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Walmer is a town in the district of Dover, Kent in England: located on the coast, the parish of Walmer is six miles (10 km) south-east of Sandwich, Kent. Largely residential, its coastline and castle attract many visitors. It has a population of 6,693 (2001), increasing to 8,178 at the 2011 Census.
Walmer is closely associated with its adjoining neighbour, the town of Deal - sharing many amenities and services and benefiting from Deal's High Street shopping area.
Julius Caesar reputedly landed on the beach here in 55 BC and 54 BC. It is only one possible landing place, but it is the most probable, judging from the distances given in his account of the landings in his Gallic Wars. In the 19th century it was thought that he had landed by Deal Castle – hence a house there with SPQR emblazoned on its gate – but the landing point is now put half a mile further south, beyond the lifeboat station, and marked by a concrete memorial.
Walmer Castle and its formal gardens are an attraction for visitors. The official residence of Lord Warden of the Cinque Ports since the 18th Century, the building is now an English Heritage property. Famous Lords Warden have included Queen Elizabeth the Queen Mother, Sir Winston Churchill, William Pitt the Younger (whose niece Lady Hester Stanhope first created the gardens), and the Duke of Wellington (of the Battle of Waterloo fame). Wellington lived there for 23 years and the castle houses not only a collection of Wellington memorabilia but also the room in which he died.
The Castle was built in 1540 as one of three on this part of the Kent coast by orders of Henry VIII. The others were nearby at Deal (southern Deal) and Sandown (north Deal) - the Deal one survives, the Sandown one has been lost to coastal erosion.
The flat grassy plateau at Hawkshill Freedown on the southern edge of Walmer parish, adjacent to Walmer Castle, was requisitioned in April 1917 by the War Office for use as an aerodrome to increase capability for the defence of shipping in the English Channel. Wing Captain C. L. Lambe, Officer Commanding Royal Naval Air Service Dover and Dunkirk posted six pilots from different squadrons who had been involved in intense fighting on the Western Front to Walmer. These pilots were:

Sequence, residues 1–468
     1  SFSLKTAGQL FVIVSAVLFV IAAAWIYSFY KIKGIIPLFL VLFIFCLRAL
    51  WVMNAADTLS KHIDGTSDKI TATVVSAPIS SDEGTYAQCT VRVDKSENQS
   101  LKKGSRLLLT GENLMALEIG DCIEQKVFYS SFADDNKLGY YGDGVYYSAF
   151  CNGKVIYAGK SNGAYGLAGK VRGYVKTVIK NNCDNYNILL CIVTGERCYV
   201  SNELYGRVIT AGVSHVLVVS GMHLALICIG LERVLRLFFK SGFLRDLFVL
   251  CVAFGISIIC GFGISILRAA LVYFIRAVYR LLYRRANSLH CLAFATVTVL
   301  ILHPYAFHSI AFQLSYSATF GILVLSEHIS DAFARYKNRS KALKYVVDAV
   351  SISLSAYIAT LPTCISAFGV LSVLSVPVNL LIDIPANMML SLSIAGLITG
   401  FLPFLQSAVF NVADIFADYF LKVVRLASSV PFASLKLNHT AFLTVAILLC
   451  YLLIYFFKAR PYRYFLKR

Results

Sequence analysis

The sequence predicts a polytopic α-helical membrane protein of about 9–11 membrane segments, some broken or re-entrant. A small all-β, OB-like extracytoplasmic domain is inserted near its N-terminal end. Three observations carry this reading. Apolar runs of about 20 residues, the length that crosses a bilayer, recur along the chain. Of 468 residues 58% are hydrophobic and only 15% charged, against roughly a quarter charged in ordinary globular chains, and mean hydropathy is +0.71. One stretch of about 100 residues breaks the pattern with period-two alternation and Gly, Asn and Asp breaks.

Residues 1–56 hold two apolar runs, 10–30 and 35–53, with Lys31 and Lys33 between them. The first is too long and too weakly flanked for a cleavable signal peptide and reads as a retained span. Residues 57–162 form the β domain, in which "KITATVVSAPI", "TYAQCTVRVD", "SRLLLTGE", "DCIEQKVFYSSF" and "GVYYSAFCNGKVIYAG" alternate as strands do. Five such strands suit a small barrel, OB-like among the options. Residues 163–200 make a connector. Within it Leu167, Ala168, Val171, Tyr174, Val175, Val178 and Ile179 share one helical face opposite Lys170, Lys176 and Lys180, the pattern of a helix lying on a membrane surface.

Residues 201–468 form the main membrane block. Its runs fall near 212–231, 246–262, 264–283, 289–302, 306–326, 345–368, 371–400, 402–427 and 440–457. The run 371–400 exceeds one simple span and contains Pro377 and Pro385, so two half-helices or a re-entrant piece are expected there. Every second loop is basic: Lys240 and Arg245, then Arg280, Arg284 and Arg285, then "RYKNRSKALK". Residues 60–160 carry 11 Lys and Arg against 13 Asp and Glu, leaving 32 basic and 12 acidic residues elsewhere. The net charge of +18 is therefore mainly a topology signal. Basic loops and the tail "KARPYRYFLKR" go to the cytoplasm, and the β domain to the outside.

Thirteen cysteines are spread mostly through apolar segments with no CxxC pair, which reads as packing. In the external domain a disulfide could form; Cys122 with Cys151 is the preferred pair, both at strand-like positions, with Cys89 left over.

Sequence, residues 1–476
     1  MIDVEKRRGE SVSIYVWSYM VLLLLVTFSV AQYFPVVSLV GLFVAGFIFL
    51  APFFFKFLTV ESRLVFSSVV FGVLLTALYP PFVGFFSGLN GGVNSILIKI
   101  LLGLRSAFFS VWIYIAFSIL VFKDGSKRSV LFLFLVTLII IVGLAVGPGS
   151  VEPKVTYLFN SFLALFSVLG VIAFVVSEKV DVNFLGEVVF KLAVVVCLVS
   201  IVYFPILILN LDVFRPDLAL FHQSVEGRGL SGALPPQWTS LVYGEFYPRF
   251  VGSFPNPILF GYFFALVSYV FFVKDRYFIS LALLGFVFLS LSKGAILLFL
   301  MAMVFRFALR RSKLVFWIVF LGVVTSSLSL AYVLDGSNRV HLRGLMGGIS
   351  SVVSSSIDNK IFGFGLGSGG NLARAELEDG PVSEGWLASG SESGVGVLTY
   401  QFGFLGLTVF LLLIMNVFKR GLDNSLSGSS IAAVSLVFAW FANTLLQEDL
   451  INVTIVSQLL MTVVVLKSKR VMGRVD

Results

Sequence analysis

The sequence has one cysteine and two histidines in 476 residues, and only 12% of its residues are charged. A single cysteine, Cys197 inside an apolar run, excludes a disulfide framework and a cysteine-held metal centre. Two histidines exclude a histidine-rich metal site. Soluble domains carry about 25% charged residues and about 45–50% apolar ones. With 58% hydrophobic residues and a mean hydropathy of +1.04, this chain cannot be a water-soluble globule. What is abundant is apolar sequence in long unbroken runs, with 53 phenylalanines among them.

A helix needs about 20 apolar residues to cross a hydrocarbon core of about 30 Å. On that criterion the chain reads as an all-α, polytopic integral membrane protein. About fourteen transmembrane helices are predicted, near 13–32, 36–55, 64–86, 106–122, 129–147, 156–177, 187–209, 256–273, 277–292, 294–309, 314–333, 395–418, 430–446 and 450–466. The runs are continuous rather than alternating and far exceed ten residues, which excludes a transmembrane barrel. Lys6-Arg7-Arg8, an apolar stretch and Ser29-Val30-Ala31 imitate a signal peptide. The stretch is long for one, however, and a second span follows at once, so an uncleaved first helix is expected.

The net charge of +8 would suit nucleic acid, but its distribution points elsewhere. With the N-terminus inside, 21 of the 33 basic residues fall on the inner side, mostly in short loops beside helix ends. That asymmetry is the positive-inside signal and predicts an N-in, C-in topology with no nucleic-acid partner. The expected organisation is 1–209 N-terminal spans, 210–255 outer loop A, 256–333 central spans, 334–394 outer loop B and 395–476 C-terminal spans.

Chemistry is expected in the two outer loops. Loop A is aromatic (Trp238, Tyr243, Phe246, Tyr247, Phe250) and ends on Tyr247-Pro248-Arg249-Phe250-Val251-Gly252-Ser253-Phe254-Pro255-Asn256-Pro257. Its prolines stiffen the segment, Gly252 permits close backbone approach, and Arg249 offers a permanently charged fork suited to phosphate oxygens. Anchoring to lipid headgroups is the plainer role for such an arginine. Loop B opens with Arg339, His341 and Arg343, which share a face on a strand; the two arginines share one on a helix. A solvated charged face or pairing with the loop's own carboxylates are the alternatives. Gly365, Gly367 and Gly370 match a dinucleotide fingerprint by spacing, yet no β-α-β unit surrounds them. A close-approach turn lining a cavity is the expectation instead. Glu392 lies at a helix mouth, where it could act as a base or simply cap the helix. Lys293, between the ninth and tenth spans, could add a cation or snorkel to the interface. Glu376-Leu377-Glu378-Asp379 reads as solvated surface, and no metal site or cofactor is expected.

- Flight Lieutenant Theo Vernon who became Flight Commander
- Flight Sub Lieutenant Arthur.R. Brown
- Flight Sub Lieutenant J.A. Shaw
- Flight Lieutenant Stanley Kemball
- Flight Sub Lieutenant William Lusby
- Flight Sub Lieutenant Harry Chisam.
Once operational the airmen were kept busy fighting German bomber offensives with many victories recorded. Pilots from the Royal Flying Corps were also stationed at the Aerodrome as the RNAS and RFC often flew together on operations over the Western Front.
September 1917 saw the first death of an Officer who had been stationed at Walmer - Squadron Commander T. C. Vernon of 9 Naval Squadron. He had been the Commanding Officer of the Walmer Defence Flight until July 1917.
In November 1917, 3 Naval Squadron was relocated to Walmer from the Western Front. 4 Naval Squadron arrived 2 January 1918 to take over, then in March 1918, it became the home station of 8 Naval Squadron which was absorbed into the Royal Air Force on its creation on 1 April 1918. After a few weeks of reduced activity on base a new Fighter Defence Flight was established in May 1918 with a primary mission to engage enemy fighters originating from Belgium and by 20 October 1918, the Belgium Coast was completely re-occupied by Allied Forces.
On 31 August 1918, Major Ronald Graham a WW1 ace took command of the newly formed No.233 Squadron RAF this incorporated the Fighter Defence Flight of Camels at RAF Walmer which was then under the command of Captain W. M. Alexander, another Flight (491)at Dover (Guston Road) and the Seaplane flight (407) Dover, Marine Parade. Flight 491 flying DH9s moved to RAF Walmer in January 1919 and in March 1919 the Squadron moved its headquarters to RAF Walmer. 233 Squadron RAF was disbanded in May 1919 but service records show it took a few months for all planes and pilots to leave.
Walmer remained on the emergency landing list of aerodromes.
RAF Walmer (also known as Hawkshill Down) was reopened during the Second World War as a strategic location for the defence of the UK. It was not used operationally for aircraft, but for some of the most important radar tracking and jamming systems used in the Second World War.